Of course, they could also be numbingly stupid, boring, or worse. Live performances often bore interminable and unfunny resemblances to Spinal Tap, and particularly later in their career they were prone to fatal levels of bloated pretentiousness. And then there are the disconcerting racial issues, the fact that Zeppelin treated much of their blues-derived source material either cavalierly or with a caricaturing tendency that verged on parody. Sometimes bad Zeppelin and good Zeppelin even sit side-by-side in the same song, such as "Bring It On Home": two and a half minutes of jaw-dropping power sandwiched between and intro and outro of minstrel-ish hogwash.
Many of these more unseemly elements coalesced around Plant himself. Plant's vocal idol as a young man was Ray Charles, and certainly among young Britons he wasn't the only one. Unlike Joe Cocker or Steve Winwood, though, Plant never seemed entirely comfortable relinquishing the squarer sides of his Englishness, which clung to him like so many of Tolkein's ringwraiths he was fond of crooning about. Here was a singer who'd punctuate Robert Johnson's lyric "squeeze my lemon / till the juice runs down my leg" with an "I wonder do you know what I'm talkin' 'bout?"—no, Mr. Plant; please do explain.
Led Zeppelin's blues cosmology was painfully literalist, all squeezed lemons, backdoor men and every-inch-of-my-love's, an inclination that might go a long way towards explaining some of the band's own lyrical deficiencies. "Let the music be your master / will you heed the master's call?" from "Houses of the Holy" might be the single worst lyric ever written; every line of "Stairway to Heaven" is in an endless tie for second.
Plant's best vocal performances were always ones that forced him toward understatement, and in general Led Zeppelin's quieter music is the most underrated part of its catalogue: "Tangerine," "That's The Way," and "Hey Hey What Can I Do," perhaps the best song the band ever wrote. A large part of this is due to Jimmy Page's unsurpassed talents as an acoustic guitarist, but part is also due to Plant's voice, one of the prettiest in rock when he allowed it to be.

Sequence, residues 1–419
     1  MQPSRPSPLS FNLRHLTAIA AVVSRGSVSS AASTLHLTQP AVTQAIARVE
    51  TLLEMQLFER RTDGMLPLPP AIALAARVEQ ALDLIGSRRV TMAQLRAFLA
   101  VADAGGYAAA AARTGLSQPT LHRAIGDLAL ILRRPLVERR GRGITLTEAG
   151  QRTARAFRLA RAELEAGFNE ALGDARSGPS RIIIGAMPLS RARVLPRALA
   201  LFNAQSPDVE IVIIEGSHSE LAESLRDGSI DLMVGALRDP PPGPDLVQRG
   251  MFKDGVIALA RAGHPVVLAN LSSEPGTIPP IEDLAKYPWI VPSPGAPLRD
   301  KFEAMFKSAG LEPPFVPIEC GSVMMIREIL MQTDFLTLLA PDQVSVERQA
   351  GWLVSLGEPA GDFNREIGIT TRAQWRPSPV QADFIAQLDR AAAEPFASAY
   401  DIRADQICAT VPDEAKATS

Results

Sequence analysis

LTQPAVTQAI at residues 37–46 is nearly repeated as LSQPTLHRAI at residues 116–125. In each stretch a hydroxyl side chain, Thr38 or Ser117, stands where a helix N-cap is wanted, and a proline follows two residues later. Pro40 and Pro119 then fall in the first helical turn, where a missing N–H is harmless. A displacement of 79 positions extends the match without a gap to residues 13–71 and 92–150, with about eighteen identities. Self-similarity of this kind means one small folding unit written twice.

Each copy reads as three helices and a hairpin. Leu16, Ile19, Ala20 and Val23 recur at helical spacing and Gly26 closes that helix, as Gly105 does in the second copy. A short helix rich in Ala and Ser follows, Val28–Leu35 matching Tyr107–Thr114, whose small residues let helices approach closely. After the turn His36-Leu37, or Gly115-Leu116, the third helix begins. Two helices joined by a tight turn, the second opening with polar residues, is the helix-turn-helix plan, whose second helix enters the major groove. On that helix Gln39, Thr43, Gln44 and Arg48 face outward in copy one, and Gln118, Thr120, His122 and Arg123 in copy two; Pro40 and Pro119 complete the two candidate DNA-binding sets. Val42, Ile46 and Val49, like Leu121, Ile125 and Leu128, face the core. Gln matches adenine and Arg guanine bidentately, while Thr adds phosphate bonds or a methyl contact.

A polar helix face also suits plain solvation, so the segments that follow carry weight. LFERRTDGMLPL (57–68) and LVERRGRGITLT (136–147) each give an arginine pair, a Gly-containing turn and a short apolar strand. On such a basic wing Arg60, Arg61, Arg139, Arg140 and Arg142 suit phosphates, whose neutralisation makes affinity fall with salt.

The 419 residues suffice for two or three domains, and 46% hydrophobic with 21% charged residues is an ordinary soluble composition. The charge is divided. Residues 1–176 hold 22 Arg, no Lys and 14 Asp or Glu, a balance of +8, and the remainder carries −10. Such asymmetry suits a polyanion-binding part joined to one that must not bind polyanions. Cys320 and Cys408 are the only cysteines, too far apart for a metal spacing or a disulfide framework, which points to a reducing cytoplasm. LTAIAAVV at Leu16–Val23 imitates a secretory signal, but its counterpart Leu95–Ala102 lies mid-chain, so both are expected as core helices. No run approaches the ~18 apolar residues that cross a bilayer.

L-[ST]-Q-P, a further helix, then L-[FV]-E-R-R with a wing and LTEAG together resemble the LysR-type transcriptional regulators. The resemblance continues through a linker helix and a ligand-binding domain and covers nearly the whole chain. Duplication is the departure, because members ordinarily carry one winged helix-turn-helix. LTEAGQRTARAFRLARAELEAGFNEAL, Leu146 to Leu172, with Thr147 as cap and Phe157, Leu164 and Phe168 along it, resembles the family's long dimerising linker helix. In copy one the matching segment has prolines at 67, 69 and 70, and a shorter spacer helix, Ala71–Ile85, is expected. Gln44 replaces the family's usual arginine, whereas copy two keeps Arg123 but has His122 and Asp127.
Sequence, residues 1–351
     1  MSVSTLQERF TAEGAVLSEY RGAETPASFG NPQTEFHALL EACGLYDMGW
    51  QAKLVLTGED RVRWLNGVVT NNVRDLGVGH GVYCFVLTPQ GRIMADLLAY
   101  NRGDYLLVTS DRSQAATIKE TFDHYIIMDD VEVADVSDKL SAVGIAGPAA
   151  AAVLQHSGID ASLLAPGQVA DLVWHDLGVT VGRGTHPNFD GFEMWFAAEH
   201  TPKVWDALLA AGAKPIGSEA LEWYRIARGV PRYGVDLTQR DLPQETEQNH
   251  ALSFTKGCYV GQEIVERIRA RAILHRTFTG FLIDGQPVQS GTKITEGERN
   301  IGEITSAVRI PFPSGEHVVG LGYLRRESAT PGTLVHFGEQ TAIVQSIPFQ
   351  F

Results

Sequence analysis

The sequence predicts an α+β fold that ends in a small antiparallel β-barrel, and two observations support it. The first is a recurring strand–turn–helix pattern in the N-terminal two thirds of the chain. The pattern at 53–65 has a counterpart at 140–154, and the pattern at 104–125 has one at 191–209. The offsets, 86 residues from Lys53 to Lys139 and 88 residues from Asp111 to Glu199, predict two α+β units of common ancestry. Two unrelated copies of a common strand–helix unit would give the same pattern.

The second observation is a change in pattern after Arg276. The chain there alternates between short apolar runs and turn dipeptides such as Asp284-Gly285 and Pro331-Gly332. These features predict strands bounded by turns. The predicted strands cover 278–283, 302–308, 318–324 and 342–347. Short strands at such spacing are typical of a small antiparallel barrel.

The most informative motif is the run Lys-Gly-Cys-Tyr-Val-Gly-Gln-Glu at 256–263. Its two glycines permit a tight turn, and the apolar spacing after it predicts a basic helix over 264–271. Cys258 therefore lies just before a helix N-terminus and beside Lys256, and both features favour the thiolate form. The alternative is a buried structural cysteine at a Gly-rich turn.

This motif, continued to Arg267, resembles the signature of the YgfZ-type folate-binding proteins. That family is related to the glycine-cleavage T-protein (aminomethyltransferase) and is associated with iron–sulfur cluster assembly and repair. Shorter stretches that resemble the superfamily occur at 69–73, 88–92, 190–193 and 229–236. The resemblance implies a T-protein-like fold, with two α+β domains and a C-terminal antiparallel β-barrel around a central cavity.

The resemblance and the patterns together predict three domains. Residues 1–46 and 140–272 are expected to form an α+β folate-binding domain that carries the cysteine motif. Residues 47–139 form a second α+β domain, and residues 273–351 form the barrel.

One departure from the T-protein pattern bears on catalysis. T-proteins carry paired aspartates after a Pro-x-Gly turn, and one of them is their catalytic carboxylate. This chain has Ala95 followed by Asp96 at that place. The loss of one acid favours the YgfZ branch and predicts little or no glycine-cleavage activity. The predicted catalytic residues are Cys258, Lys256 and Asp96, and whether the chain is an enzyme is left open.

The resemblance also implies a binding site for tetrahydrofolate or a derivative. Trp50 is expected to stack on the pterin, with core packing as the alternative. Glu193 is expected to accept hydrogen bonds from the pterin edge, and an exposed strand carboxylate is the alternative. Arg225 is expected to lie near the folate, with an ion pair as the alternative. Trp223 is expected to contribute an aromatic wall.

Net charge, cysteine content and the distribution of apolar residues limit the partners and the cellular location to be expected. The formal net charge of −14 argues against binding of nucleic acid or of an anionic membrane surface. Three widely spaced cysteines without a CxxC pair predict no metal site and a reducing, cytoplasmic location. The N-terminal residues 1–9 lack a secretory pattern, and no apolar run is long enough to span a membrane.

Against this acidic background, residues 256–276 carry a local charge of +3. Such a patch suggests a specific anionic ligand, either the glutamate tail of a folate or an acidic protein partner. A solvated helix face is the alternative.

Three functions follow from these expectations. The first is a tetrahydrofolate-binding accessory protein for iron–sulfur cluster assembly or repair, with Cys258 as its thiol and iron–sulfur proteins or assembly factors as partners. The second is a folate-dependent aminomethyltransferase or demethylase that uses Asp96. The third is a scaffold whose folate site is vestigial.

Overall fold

Band of Joy finds him working entirely in this vein and its best performances, such as the rendition of Townes Van Zandt's "Harm's Swift Way," are closer to the spirit of Ray Charles than anything Plant has ever sung. Nowhere is this more evident than in his carefully loving version of the gospel classic "Satan Your Kingdom Must Come Down," a song it's nearly impossible to imagine Led Zeppelin approaching subtly (see their eleven-minute version of "In My Time of Dying" for an idea).
In this sense, what's most interesting about Robert Plant's second act isn't what it tells us about the continuing popularity of roots music, or even the state of Plant's career, but rather what it tells us about Led Zeppelin, one of the most influential and continually confounding bands in all of rock and roll. The critic Robert Christgau once referred to Led Zeppelin as "genius dumb," a funny and memorable appellation that manages to be both spot-on and not entirely fair. Led Zeppelin wasn't dumb, they just weren't quite as smart as they thought they were. By abandoning dubious fantasy and pretentious hysteria and learning to embrace his music on its own terms, Plant's doing some of the finest work of his career. Heed the master's call, indeed.